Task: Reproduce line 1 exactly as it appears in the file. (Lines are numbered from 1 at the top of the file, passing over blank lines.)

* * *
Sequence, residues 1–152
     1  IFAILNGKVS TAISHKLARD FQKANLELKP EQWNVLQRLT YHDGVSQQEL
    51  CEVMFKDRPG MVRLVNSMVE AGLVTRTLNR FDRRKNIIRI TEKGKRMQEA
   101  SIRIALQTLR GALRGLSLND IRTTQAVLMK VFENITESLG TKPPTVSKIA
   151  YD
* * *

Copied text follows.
Sequence, residues 1–152